Outside of these laws we enter the realm of laws that are of more dubious or no benefit to society. The laws that ban possession of marijuana (cannabis) fall into this realm.
Our framework for understanding why prohibition of cannabis does not benefit society has developed by understanding multiple perspectives, and by looking at the obverse side of the reasons often given FOR prohibition.
The most common argument against legalizing/decriminalizing marijuana is that we must protect minors from any potential harm.
The desire to protect our youth is instinctive and innate. Looking closely at this argument, we must then ask whether prohibition does in fact protect our young folk. Our current laws restrict youth access to a degree, but do not eliminate access or youthful desires to try illicit drugs. Thus, when young people go in search of marijuana, they may come into contact with unscrupulous dealers who don’t card and don’t care about providing a product that is free from contaminants and toxins. Illicit dealers may also be more likely to offer other, more dangerous and addictive drugs. Prohibition also makes it difficult for caregivers of young medical patients who might benefit from access to medical cannabis to find products that are safe. Reducing cannabis use among teens, like reducing alcohol and tobacco use by teens, can be accomplished by good public health messaging/education and strong parental guidance rather than laws that restrict adult use.
Marijuana causes criminality.
This argument stems from Harry Anslinger, the alcohol prohibitionist who turned into an anti-marijuana zealot when his job busting rum-runners came to an end. Anslinger conflated marijuana use with violence to frighten the public. In fact, just as alcohol prohibition enabled criminal syndicates to make vast fortunes, prohibition of cannabis cedes control of a beneficial plant to syndicates and cartels. Legalizing/decriminalizing adult possession and use of cannabis has not led to increased crime in the states and countries which have taken this step.
Marijuana harms users.
Some may argue that cannabis is wholly beneficial with no downsides to its use. This may be a difficult position for some people to fully agree with, as there is some evidence that younger users may become dependent, though most do not become addicted. The “gateway theory” has been proven largely false. The primary active compounds in cannabis (THC and CBD) may interact with some pharmaceutical drugs, either lessening or strengthening their potency, so people taking these medications should exercise caution. Abuse of any drug, while cause for concern, is not appropriately addressed by locking up users.
Marijuana users harm the rule of law.
We should obey laws that are just, with a strong foundation in the moral code. Laws against murder, assault, theft may not prevent these crimes, but enable us to punish those who break them. We should not condone or encourage marijuana use where it is illegal, but we should recognize that it is already occurring even where it is prohibited, and thus we should work to change these laws that are not really working for us. Continuing to enforce these laws at taxpayer expense does no service to the rule of law.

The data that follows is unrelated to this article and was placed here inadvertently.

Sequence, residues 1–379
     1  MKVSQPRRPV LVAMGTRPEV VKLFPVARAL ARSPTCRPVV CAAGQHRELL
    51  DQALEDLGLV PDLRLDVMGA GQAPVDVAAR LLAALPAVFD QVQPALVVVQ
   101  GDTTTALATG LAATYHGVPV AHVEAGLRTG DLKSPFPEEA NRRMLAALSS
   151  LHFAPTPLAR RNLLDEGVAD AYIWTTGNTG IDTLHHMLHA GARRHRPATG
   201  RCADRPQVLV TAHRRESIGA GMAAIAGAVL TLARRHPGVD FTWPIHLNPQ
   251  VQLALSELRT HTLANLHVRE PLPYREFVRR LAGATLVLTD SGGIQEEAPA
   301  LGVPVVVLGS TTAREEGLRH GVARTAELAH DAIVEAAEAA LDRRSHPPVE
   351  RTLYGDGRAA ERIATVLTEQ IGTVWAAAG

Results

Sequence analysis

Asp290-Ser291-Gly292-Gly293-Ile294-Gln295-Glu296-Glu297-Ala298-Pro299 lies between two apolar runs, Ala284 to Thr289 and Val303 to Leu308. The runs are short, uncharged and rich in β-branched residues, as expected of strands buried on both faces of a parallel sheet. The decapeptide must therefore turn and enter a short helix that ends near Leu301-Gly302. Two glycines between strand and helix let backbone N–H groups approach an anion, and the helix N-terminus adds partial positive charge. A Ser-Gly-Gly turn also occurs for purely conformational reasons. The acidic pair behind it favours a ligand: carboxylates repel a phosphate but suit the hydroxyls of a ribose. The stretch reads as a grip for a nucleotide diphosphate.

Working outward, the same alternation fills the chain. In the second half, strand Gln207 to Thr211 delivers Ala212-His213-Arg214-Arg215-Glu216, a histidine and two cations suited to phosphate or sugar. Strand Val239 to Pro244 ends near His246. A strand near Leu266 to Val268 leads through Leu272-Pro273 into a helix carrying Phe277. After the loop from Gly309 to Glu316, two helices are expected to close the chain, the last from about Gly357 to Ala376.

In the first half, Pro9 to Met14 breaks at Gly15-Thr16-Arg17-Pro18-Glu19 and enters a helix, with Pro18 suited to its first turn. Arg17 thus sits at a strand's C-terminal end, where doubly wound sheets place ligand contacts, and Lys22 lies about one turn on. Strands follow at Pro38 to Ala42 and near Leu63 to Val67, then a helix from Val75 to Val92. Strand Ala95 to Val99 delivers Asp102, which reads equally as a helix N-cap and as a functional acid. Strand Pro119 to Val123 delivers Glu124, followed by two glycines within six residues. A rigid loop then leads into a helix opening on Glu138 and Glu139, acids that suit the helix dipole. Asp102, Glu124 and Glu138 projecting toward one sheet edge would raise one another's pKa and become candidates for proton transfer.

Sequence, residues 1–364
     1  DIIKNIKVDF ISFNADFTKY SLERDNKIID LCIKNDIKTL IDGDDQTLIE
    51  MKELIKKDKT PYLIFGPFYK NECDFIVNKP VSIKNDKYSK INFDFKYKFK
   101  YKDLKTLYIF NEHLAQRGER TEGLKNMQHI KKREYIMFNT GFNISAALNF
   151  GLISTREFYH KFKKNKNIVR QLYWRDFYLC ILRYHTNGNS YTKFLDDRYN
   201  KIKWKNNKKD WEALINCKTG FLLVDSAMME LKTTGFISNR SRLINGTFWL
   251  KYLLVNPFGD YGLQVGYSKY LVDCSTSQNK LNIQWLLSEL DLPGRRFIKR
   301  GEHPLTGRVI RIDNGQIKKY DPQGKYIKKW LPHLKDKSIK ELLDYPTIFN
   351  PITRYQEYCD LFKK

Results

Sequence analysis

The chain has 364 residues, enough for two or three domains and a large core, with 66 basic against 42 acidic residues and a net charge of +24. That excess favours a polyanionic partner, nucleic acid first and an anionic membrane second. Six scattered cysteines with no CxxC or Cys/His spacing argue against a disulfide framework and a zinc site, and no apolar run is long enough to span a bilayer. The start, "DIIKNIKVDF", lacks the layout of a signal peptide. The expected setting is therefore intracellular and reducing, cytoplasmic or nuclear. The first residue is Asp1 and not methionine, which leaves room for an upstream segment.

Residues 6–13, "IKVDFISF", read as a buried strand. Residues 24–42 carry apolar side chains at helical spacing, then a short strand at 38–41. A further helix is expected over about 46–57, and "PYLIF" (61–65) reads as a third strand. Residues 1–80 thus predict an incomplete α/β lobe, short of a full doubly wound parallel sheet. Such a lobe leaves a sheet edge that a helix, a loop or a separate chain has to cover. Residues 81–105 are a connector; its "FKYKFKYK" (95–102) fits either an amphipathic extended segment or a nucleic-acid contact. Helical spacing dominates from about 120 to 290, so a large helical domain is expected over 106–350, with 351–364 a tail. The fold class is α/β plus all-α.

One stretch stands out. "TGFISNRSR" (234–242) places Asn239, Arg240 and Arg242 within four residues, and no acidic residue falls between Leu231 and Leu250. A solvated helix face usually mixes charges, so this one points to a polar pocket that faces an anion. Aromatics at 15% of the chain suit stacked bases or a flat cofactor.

The punitive nature of prohibition may be seen as more damaging to consumers than any harms associated with moderate use. Even in states that have decriminalized possession to the level of a misdemeanor, those who are convicted will have a criminal record that may follow them for years, and in many cases may restrict access to education, jobs and housing. Unfortunately, the laws against possession may also be unequally enforced against minorities in many states, despite the fact that marijuana use rates by different races are nearly equivalent.
Some law enforcement officers have come to believe that prohibition of cannabis endangers society.
Marijuana use goes against the laws of God.
While the Bible and other religious texts speak against drunkenness, some religious leaders justify moderate use of alcohol with the argument that most people drink for the taste or for the potential health benefits, rather than to get drunk. This argument overlooks the psychoactive effects felt after drinking one beer, a glass of wine or a mixed drink, and also the real dangers of even moderate alcohol use. On the other hand, some religious leaders assume that all recreational cannabis use leads to intoxication, addiction, or worse. In fact many cannabis users moderate their use much as alcohol users do. They may limit use to weekends or special occasions. Rather than huffing joint after joint to the point of falling asleep or experiencing hallucinations, many consumers follow the adage: Start low and go slow. Even if we assume that cannabis use/abuse is a sin, the question that must follow is whether venal sins should be addressed by secular laws.
None of these counter-arguments are meant to suggest that cannabis should be completely unregulated (or treated like tomatoes), simply that our current system of treating it like plutonium is not preventing its use. States that have legalized and regulated medical marijuana or adult use have seen benefits other than increased tax revenue, including reductions in violent crime and reductions in opioid use.